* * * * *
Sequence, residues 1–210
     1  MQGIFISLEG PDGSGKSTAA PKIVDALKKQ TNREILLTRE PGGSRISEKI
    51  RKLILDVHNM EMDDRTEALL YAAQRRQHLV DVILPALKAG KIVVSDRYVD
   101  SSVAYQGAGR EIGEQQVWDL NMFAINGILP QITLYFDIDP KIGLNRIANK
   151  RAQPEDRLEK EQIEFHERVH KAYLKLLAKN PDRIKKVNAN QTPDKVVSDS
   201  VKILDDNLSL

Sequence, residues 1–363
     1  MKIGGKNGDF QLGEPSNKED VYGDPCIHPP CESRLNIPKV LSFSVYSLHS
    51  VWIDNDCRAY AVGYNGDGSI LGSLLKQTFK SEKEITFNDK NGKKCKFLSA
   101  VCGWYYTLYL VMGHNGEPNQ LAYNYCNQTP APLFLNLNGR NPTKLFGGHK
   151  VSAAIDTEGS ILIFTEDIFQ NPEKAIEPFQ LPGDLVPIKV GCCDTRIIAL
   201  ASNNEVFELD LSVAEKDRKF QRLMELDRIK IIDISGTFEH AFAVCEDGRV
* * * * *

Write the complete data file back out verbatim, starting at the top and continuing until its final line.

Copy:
Sequence, residues 1–210
     1  MQGIFISLEG PDGSGKSTAA PKIVDALKKQ TNREILLTRE PGGSRISEKI
    51  RKLILDVHNM EMDDRTEALL YAAQRRQHLV DVILPALKAG KIVVSDRYVD
   101  SSVAYQGAGR EIGEQQVWDL NMFAINGILP QITLYFDIDP KIGLNRIANK
   151  RAQPEDRLEK EQIEFHERVH KAYLKLLAKN PDRIKKVNAN QTPDKVVSDS
   201  VKILDDNLSL

Sequence, residues 1–363
     1  MKIGGKNGDF QLGEPSNKED VYGDPCIHPP CESRLNIPKV LSFSVYSLHS
    51  VWIDNDCRAY AVGYNGDGSI LGSLLKQTFK SEKEITFNDK NGKKCKFLSA
   101  VCGWYYTLYL VMGHNGEPNQ LAYNYCNQTP APLFLNLNGR NPTKLFGGHK
   151  VSAAIDTEGS ILIFTEDIFQ NPEKAIEPFQ LPGDLVPIKV GCCDTRIIAL
   201  ASNNEVFELD LSVAEKDRKF QRLMELDRIK IIDISGTFEH AFAVCEDGRV